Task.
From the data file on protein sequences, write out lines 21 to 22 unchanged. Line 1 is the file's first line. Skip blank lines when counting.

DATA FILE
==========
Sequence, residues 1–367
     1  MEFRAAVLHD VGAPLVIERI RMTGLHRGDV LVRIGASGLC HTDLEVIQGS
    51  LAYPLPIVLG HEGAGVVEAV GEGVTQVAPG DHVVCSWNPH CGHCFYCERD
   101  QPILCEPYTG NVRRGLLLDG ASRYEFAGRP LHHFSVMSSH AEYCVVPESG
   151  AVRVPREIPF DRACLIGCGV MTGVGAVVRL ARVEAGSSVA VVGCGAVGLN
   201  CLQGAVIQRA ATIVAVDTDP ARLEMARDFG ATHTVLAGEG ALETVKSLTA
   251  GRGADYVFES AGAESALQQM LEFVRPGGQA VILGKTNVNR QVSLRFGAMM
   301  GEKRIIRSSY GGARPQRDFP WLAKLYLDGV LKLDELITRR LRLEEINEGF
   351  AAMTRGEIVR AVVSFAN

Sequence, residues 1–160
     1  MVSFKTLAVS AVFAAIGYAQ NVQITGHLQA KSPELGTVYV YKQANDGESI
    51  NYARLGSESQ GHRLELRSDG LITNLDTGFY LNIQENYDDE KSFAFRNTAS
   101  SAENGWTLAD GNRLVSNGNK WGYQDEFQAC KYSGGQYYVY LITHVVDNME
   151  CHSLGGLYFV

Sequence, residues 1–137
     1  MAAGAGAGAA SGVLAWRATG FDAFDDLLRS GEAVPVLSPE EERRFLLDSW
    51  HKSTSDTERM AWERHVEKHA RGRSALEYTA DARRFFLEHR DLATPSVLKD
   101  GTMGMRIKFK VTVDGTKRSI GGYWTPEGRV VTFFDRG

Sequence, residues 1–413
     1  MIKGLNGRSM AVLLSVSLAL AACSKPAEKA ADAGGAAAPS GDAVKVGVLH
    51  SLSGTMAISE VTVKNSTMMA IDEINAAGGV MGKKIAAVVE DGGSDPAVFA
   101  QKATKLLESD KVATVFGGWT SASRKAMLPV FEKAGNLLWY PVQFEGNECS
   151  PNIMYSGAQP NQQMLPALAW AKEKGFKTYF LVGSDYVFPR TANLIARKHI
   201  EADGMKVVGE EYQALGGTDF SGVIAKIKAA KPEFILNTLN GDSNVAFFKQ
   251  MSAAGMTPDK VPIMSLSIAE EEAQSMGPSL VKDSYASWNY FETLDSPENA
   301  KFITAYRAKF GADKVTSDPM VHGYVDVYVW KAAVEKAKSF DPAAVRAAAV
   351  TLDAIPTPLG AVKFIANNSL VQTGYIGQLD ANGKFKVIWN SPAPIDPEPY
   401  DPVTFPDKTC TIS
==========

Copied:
    51  SLSGTMAISE VTVKNSTMMA IDEINAAGGV MGKKIAAVVE DGGSDPAVFA
   101  QKATKLLESD KVATVFGGWT SASRKAMLPV FEKAGNLLWY PVQFEGNECS